From the viewpoint of general users of our datasets, the color stripes provide a basis to investigate the use of color information as an additional cue for classification tasks or to develop approaches to recover color data in underwater vision. Color attenuation underwater has been studied extensively in the literature [26,27]. If the distance from an object to the camera can be computed, e.g., using stereo images, it is possible to recover color information about the target. To allow for such color constancy analysis [28,29,30], the average HSV (hue, saturation, value) colors of the diver’s gloves and a RAL-K7 chart used for reference are reported in Table 2. For this, ten images were taken from different perspectives in a set-up with uniform illumination.

3.3.1. Data Distribution and Processing

As it can be seen in Figure 7, Figure 8 and Figure 9, the number of samples and the class distribution in each scenario vary significantly. The main reason is that the recordings were done at different development stages of the EU FP7 CADDY project. Biograd-A and B, and Genova-A trials were organized mainly for data collection, hence their high number of samples (Figure 7); the rest of the data was collected during real diver missions. The data from these missions also produce a high variance in the samples per class (Figure 8) because some gestures are used more frequently than others as it happens for some words in our daily speech. For example, connective gestures such as start_comm, end_comm, num_delimiter are grammatically required more times (see Ref. [3]) as the connective words and, or, but in English.
Based on this, Figure 7, Figure 8 and Figure 9 are given to enable the user to decide how to build their training/testing sets to suit their application. For instance, follow the original distribution or build a balanced data set. The plot in Figure 7 shows the samples distribution per scenario, and Figure 8 and Figure 9 depict the class distribution for the complete dataset and per scenario, respectively. Due to the high variance in these distributions, as well as the variance in environmental and dynamic conditions during the recordings, this dataset allows to:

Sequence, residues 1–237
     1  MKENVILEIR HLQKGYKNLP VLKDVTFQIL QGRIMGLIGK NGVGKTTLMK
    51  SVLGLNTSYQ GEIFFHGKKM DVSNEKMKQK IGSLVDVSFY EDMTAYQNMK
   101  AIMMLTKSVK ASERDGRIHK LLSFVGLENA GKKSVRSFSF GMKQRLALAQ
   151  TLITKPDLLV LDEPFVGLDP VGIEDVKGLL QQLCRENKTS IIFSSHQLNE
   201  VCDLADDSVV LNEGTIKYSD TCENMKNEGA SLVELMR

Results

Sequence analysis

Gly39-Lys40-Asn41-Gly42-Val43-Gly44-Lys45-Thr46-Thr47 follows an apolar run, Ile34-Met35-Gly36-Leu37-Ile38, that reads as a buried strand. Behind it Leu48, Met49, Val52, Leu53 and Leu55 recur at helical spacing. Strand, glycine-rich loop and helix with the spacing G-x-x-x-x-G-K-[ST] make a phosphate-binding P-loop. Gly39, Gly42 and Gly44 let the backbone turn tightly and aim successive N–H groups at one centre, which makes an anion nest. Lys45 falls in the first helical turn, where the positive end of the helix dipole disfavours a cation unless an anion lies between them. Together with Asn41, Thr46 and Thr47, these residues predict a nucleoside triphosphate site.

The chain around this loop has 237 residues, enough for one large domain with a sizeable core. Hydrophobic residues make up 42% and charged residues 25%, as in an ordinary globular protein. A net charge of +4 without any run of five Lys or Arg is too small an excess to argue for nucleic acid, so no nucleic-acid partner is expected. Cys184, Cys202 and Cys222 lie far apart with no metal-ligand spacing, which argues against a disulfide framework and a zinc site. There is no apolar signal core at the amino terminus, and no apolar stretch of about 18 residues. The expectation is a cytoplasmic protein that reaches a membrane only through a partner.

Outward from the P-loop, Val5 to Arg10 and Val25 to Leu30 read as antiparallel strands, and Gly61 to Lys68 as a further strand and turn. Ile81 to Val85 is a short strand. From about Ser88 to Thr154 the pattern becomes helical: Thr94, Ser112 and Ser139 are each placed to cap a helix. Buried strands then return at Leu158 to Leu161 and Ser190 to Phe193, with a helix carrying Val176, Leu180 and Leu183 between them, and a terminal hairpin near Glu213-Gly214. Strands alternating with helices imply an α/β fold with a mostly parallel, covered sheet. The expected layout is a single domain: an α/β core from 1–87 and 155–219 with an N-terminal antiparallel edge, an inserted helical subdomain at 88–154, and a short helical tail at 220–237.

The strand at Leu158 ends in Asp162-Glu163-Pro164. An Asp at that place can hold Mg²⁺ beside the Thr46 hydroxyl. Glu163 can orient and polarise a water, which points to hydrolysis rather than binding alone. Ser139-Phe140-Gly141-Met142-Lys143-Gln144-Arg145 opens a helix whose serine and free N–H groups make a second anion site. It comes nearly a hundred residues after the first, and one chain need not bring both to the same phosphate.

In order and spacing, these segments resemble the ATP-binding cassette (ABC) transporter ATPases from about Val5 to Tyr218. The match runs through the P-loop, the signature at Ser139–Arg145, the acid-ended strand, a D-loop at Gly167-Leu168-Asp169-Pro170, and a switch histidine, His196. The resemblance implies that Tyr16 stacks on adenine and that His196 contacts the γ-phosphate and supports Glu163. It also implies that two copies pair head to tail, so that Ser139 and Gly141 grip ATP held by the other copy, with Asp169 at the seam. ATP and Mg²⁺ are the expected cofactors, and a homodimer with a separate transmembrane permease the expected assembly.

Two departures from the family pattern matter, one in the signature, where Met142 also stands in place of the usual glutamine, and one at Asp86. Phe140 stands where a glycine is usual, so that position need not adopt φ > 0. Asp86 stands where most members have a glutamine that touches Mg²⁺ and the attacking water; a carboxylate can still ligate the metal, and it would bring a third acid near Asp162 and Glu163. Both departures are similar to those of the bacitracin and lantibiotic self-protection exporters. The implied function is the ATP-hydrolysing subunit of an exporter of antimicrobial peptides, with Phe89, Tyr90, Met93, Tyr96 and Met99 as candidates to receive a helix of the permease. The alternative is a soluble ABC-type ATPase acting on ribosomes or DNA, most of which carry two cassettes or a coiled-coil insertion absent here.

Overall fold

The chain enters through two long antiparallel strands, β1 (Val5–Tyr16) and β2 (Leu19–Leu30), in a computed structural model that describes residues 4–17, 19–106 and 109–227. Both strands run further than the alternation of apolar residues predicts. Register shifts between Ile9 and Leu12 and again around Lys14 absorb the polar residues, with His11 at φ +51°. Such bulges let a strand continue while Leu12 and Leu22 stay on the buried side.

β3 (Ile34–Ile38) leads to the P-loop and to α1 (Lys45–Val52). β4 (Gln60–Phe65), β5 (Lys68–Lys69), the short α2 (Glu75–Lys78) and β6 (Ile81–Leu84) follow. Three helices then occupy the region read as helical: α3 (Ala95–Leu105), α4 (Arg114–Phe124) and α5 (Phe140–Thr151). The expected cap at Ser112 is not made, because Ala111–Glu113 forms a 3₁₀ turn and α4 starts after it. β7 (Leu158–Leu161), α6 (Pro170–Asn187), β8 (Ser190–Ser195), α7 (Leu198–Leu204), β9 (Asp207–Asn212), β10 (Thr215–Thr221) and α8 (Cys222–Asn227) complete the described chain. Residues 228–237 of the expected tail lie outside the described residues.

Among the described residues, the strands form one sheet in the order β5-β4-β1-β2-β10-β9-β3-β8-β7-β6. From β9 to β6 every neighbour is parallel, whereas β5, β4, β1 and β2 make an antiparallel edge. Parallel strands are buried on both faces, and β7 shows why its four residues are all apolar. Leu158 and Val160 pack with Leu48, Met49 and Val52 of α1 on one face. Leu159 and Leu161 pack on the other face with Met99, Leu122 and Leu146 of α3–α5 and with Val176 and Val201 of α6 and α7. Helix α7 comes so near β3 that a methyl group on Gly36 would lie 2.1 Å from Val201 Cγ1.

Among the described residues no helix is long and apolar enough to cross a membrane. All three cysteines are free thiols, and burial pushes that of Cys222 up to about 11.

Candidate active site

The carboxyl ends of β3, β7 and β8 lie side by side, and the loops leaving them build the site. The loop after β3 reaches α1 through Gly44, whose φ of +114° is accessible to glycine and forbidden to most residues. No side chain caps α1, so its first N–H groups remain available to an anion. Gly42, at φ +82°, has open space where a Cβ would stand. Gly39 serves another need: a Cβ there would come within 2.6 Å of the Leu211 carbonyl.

• Test algorithms and/or image features robustness across different unseen settings.
  • Investigate which environmental conditions have greater impact on classification methods.
  • Balance the number of training samples used per scenario to achieve better performance, or
  • Create specific training/test sets by associating data samples across different scenarios based on a particular criteria, e.g., recording location, image quality, distance to camera, etc.
  • Find approaches that fuse 2D and 3D information from the stereo pairs to boost performance.
  • Test not only object classification methods but also object detectors, i.e., locate the diver’s hand, and color constancy algorithms.

3.3.2. Data Parsing

All of these data are compiled in tabular form in *.csv files as they do not require any extra software to be handled and most data analysis packages have built-in methods to process them. One file contains the true positives data and other the true negatives data. Table 3 shows the header/column fields in these files; row with index 0 contains a brief description of the field data, row index 1 shows an example of how a true positive image is referenced and row index 2 shows an example from a true negative. An explanation of these fields is given below: